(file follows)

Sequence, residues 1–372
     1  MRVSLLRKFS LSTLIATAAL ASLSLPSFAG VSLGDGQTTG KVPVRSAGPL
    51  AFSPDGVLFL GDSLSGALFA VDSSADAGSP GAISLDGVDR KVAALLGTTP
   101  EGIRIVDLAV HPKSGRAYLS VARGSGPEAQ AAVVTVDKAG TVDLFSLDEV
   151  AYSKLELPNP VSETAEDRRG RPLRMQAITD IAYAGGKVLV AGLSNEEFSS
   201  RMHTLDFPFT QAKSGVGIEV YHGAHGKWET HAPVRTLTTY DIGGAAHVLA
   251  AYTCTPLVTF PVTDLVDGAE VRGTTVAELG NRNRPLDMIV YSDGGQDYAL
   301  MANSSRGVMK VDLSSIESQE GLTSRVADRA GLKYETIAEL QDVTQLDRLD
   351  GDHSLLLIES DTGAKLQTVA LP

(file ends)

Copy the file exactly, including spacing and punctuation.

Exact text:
Sequence, residues 1–372
     1  MRVSLLRKFS LSTLIATAAL ASLSLPSFAG VSLGDGQTTG KVPVRSAGPL
    51  AFSPDGVLFL GDSLSGALFA VDSSADAGSP GAISLDGVDR KVAALLGTTP
   101  EGIRIVDLAV HPKSGRAYLS VARGSGPEAQ AAVVTVDKAG TVDLFSLDEV
   151  AYSKLELPNP VSETAEDRRG RPLRMQAITD IAYAGGKVLV AGLSNEEFSS
   201  RMHTLDFPFT QAKSGVGIEV YHGAHGKWET HAPVRTLTTY DIGGAAHVLA
   251  AYTCTPLVTF PVTDLVDGAE VRGTTVAELG NRNRPLDMIV YSDGGQDYAL
   301  MANSSRGVMK VDLSSIESQE GLTSRVADRA GLKYETIAEL QDVTQLDRLD
   351  GDHSLLLIES DTGAKLQTVA LP